As I watched former West Indies Test-player Shirley-Ann Bonaparte stroke to an effortless top-score of 34 in the first match, and mainly from a standing position, I could not help but admire one of the hardest-hitting female players to emerge from Trinidad & Tobago and the West Indies. Eastern Conference skipper Roselyn Emanuel, a former St. Lucian and West Indies Test-player also, was as smooth between the wickets as she is with a microphone in her hand singing Karaoke. Clearly cricket and the years in between have taken some of the edge off a few of the more experienced female players, but one could not help but notice the gleam in their eyes as they strode to the middle or made a diving catch they were reliving so many glorious moments from their past, and in front of many other players who simply watched, admired and learned.

The true grit, enthusiasm and determination of the younger players were heart-warming moments, as they sought to contribute to their teams, not to compete with their senior counterparts. The heroic Lisa Matthew, talented thinker Timika Kowlessar, and the fearless and energetic Devonie Hayles (MVP of Match 2), brought their youthful athleticism and verve to the field, albeit vying to don the colors of the USA next month. It is around such players that USACA would have to build a women’s team of the future, with the help of the Brown-Jackson’s, Bonaparte’s, Parsons’ and Mahabir’s of women’s cricket in the USA. Adding a sense of urgency and seizing the moment are the likes of all-rounder Western Conference skipper Indomatie Goordial-John (MVP of Match 1), classic batswoman Razzak, crafty keeper Persaud, talented competitor Atkins, the spirited all-rounder and Western Conference co-captain Isoline Sutherland, and the fiery pacer Joy Jones.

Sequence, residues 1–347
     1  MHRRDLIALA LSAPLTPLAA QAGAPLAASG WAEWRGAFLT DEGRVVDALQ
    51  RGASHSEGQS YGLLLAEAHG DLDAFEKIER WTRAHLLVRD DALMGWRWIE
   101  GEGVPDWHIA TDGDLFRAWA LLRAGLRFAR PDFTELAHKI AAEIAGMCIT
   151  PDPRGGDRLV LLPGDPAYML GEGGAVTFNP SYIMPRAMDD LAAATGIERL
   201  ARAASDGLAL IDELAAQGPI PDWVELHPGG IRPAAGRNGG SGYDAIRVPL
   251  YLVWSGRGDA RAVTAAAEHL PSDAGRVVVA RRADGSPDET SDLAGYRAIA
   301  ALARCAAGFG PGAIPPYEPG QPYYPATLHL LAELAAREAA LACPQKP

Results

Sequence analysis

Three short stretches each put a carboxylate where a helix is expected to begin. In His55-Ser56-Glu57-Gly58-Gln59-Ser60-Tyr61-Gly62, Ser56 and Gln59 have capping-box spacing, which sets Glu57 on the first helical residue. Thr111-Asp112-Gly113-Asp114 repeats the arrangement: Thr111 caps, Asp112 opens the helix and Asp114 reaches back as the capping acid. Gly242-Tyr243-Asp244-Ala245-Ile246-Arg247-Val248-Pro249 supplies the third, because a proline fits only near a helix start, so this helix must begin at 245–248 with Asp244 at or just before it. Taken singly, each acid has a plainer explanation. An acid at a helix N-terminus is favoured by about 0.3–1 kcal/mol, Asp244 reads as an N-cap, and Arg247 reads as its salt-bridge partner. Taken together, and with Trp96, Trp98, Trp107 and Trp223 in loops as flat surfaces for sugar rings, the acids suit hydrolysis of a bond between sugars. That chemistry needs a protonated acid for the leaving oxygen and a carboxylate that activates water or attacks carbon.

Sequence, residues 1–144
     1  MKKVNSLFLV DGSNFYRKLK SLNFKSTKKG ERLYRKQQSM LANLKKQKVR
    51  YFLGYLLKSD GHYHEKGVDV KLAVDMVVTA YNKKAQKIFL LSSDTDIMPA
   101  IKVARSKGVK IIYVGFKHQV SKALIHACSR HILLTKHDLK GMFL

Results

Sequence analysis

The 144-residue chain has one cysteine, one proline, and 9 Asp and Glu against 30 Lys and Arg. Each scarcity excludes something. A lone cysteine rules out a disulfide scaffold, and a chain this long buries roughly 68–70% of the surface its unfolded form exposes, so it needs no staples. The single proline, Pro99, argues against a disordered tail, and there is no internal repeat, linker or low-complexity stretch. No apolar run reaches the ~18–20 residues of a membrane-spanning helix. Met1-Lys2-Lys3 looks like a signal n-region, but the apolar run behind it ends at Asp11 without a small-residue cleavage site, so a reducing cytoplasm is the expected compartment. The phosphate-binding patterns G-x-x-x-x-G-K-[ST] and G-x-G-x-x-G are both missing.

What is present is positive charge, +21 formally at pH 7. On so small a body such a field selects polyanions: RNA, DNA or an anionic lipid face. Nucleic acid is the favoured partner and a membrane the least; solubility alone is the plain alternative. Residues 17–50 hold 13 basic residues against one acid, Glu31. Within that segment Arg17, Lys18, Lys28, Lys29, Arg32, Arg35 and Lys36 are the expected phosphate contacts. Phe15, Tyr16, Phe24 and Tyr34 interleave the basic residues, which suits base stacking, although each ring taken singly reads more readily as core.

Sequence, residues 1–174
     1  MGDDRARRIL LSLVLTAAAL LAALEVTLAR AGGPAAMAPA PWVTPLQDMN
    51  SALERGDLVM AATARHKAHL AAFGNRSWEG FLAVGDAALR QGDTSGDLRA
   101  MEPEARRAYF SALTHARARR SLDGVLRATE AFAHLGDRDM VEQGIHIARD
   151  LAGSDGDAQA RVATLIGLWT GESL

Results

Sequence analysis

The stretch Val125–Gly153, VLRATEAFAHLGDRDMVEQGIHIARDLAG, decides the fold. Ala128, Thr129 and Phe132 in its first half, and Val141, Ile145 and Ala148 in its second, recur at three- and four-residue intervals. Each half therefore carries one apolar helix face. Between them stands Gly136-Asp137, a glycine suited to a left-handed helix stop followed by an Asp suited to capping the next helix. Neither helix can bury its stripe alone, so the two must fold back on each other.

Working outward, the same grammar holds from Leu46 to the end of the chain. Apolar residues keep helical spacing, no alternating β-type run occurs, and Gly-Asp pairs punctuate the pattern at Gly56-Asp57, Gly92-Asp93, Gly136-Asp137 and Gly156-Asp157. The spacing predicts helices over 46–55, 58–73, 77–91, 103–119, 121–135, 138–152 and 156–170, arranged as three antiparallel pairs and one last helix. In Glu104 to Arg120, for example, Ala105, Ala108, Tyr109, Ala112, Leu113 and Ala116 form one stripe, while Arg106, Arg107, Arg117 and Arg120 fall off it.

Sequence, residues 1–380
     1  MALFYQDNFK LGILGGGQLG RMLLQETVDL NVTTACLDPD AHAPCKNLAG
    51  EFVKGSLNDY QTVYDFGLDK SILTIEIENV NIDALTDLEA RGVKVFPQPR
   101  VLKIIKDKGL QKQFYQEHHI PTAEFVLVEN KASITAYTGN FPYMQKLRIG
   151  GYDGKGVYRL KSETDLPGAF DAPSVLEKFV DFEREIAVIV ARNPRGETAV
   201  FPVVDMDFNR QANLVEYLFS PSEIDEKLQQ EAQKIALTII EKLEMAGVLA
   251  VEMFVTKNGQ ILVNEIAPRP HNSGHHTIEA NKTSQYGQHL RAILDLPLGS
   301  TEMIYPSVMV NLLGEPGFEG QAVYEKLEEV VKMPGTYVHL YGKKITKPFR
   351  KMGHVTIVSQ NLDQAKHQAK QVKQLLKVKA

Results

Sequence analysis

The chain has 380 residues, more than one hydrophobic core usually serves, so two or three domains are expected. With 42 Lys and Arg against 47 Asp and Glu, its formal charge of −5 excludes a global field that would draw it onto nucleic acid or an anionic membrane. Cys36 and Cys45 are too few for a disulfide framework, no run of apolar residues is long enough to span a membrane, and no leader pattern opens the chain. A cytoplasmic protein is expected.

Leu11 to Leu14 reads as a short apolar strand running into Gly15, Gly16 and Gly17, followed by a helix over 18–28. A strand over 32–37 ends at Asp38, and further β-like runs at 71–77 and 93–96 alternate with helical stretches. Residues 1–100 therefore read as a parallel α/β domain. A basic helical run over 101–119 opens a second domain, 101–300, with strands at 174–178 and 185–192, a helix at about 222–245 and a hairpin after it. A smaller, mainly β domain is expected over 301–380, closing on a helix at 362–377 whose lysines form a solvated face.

To see Sandra Ibarra, an accomplished (soft-ball) baseball player adapting to cricket, with the athletic approach of South Africa’s Jonty Rhodes, made for some rather exciting and rewarding moments. It is such a mix of experience and innocence that USA cricket will rely upon for the next three years, at least, while the attractive and colorful uniforms help American girls shift from their short skirts and pom-poms, cheering on the sidelines to sprinting up to and between the sticks in the middle.

Women’s cricket in America is coming of age.